Something is happening that’s worth talking about:
As we confront some of the greatest challenges we’ve ever faced at the global level, people are talking more about what matters most to them and about the future. Wellness, wellbeing and happiness are words we are consistently reading about in mainstream and social media, our politicians are concerned about mental health and corporates are sponsoring mindfulness programmes.
In the wider business communities mental health and psychological safety are major concerns. The marginalised are being included, fear-free zones for open dialogue are being created, diversity and inclusion are headlining corporate agendas. Whilst progress is being made these issues are often being highlighted from a genuine concern and in some instances when a crisis has occurred, we have yet to shift the business context regarding the subject of wellbeing from a ‘nice to have’ to wellbeing as an ‘essential foundation’ for business prosperity.
The travel industry has changed incredibly catering to this burgeoning need: destinations are now becoming journeys of self-discovery. Travellers are going to exotic destinations to ‘find themselves’, visiting spas to restore and regenerate. For many, hobbies have become opportunities for personal development – yoga classes are booming. Alas in many situations after just 2 short weeks back at work life does not look very much different than before they left. Short term fixes, temporary relief from the stresses and strains or our lives does not produce transformation. The sad but true discovery for many is that optimum wellbeing is a continuum not an interim, a life long journey not a destination. A continuity of discipline and practice is needed to retain and continually regain a deep sense of wellbeing that remains with us even in the face of adversity.
In his book ‘Outliers’ Malcolm Gladwell writes of 10,000 hours being the number of hours that it takes to be masterful. If we counted the hours each of us have engaged in the conscious practice of being the best we can be and living well, what might that be? Living beyond the everyday notion of health & wellbeing, which is often seen as a ‘nice to have’ is flourishing. This state of being fully alive, of flourishing is dynamic. The greatest example is of course lies in Mother Nature with her wonderful ability to move through each season with grace. For us humans, it means moving through the seasons of the soul with grace, the letting go of the past and what no longer serves us, being able to return to the better version of ourselves in the face of setbacks, embracing the new as it arrives, being engaged in meaningful work and having a purpose that enlivens us.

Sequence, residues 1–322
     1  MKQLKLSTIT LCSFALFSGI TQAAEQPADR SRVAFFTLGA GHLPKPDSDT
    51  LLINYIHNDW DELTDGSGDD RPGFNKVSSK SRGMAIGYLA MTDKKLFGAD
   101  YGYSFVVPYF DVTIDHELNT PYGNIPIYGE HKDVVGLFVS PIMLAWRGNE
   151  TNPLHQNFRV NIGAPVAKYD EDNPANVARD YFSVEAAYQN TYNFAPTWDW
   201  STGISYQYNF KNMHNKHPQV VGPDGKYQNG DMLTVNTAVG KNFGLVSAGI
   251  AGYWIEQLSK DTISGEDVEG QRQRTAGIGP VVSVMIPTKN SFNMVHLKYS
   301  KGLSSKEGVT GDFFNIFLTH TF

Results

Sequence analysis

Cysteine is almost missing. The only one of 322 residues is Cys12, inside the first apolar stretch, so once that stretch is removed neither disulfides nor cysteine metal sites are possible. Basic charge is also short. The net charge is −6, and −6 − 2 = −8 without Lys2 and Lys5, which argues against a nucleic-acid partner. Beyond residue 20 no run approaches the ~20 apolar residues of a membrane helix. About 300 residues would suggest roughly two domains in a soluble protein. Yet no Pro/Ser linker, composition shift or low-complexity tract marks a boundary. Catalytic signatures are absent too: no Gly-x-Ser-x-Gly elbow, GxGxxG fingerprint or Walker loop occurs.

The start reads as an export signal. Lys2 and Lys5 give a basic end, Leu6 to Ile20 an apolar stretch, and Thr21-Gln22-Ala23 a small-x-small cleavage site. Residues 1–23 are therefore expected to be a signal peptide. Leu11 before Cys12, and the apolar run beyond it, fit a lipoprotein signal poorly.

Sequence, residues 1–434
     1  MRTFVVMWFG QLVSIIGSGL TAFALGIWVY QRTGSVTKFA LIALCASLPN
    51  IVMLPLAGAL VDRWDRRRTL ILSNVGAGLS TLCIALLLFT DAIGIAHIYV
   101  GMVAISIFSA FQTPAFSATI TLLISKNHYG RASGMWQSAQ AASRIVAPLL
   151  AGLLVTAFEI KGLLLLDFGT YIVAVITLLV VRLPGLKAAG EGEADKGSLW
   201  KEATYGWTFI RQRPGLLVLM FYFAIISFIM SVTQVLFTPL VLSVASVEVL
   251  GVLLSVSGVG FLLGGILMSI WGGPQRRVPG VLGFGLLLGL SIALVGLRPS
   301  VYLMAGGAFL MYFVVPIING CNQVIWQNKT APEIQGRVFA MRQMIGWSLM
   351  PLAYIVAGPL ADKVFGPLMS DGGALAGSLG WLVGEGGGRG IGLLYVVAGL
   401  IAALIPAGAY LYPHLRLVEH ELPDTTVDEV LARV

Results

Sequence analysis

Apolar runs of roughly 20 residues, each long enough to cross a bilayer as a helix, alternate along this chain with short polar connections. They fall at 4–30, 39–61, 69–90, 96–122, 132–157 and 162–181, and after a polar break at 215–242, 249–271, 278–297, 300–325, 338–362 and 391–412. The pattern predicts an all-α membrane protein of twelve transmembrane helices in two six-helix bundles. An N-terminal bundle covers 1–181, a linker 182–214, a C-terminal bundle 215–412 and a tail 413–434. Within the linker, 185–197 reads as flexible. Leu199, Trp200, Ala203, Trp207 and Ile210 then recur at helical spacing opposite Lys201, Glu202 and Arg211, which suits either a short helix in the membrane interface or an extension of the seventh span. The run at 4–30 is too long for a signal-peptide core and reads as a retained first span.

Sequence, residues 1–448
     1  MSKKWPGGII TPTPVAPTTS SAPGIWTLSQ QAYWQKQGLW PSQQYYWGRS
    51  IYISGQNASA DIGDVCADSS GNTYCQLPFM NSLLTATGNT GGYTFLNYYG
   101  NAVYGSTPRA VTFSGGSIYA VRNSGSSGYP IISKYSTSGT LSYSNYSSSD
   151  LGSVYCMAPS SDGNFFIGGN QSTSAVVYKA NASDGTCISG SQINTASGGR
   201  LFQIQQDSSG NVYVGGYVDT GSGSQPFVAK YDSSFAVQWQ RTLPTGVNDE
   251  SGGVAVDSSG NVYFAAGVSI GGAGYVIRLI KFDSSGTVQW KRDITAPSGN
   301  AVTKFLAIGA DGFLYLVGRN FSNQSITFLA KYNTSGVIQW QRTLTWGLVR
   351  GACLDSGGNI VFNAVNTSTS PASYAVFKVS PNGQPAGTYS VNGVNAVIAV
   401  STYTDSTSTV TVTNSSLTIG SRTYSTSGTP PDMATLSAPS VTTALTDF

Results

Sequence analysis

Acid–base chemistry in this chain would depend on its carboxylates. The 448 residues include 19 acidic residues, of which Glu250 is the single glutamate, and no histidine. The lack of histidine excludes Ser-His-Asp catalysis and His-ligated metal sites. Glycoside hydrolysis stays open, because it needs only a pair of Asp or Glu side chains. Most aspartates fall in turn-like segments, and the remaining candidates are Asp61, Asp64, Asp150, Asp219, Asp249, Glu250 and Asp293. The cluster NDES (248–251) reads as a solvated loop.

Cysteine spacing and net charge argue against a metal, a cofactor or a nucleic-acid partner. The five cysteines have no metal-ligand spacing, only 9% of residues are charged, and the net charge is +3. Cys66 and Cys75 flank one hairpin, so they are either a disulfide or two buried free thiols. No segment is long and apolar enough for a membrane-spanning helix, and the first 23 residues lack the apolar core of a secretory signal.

With the privileges and choices we have in our western lives, combined with the resources we now have available at our finger tips its time to transcend our reasons and justifications for neglecting our responsibility for personal health and wellbeing and move to a new level of conscious action and disciplined practices which would enable us to flourish. We all are seeking to thrive not simply survive. At the corporate level leaders who genuinely care for their people are able to contribute in this state of flourishing within the enterprise by valuing the contribution of their people, engaging them in the vision and purpose of the enterprise and providing environments in which people will succeed enabling a shift from single focus on profit and results to human flourishing and business prosperity.